Before the localization project can get underway, we first examine the exact linguistic and technical aspects of the source product or text, as well as discussing the terminology standards and all additional instructions with you and the translation team.
In the next stage, we perform an analysis of the source files, analyze the text based on the size, type of text, language combination, and subject area, and select the translator.
In the preparation phase, we discuss the next steps for the localization and the use of necessary technical tools. Your KERN project manager will always be open to discussing your specific project specifications. So that KERN can optimally prepare to meet your requirements, it is helpful if you provide the responsible project manager with the following information:
Through its many years of work in the translation sector, KERN has access to a variety of relevant terminology lists that can come in handy for a possible comparison. To this end, KERN uses tools such as translation memory systems, through which a terminology comparison can be made and the translation process simplified.
In principle, the translation of a text and saving the source and target text segments in a translation memory database lay the foundations for the translation of any subsequent similar texts. Through this process, sections of text, sentences, parts of sentences, and terminology from previous projects can be used as a basis for future translations, which ensures the stylistic and terminological consistency within the text as well as in the overall text. Furthermore, the speed of the translation can be increased. An additional benefit is the creation of a comprehensive, client-specific database that can be used for your further translations. KERN is also prepared to migrate a translation memory database that you already possess into the KERN process.
At this stage, KERN's translators start to translate the document into the relevant language using a defined localization or translation process. The use of reference material to maintain client-specific terminology and any potential terminology lists provided by the client are of importance at this stage. KERN's specialist translators usually have at least 3 to 5 years' experience with translating texts into one language and specialize in one particular field.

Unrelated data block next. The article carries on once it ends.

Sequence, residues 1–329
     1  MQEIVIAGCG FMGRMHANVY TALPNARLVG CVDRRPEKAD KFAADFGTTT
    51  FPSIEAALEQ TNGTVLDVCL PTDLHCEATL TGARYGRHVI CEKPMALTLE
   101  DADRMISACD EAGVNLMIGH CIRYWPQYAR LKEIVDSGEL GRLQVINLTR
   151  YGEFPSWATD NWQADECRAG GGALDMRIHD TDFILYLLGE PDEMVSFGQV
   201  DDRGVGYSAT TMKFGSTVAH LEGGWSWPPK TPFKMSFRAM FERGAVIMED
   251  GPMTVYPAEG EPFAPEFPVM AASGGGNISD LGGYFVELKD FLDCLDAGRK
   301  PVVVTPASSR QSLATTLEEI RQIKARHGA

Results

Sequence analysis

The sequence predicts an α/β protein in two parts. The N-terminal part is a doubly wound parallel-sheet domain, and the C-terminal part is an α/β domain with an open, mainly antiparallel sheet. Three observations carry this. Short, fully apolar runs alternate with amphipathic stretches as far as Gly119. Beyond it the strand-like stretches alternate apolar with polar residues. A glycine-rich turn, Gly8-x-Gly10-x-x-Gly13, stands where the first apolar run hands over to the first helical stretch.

An important aspect of the localization project is carrying out quality assurance measures. At this stage, we check whether the user interface, the online help, and the documentation have been fully localized or translated. The dialog boxes, menu buttons, and function buttons in software solutions and on websites have to be resized in some cases. We will first discuss and agree this with you on every occasion.
According to the "dual control" process, the files can be checked upon request by a second linguist for linguistic consistency and functionality. The second linguist checks whether the content has indeed been correctly translated into the target language and proofreads the text for grammar and spelling or checks the consistency and the use of terminology.
The translated files can be delivered via FTP, on a data carrier, by email, or via our portal at cloud4client. Optionally, a backup copy of all files can also be created and archived. This way we can generally revert your files back at any time over several years by carrying out a project search.
Your feedback represents a crucial phase of the KERN quality control procedure. A project assessment is important because this is the only way to specifically optimize – and further optimize, if necessary – KERN's project management efficiency, performance, and quality of service.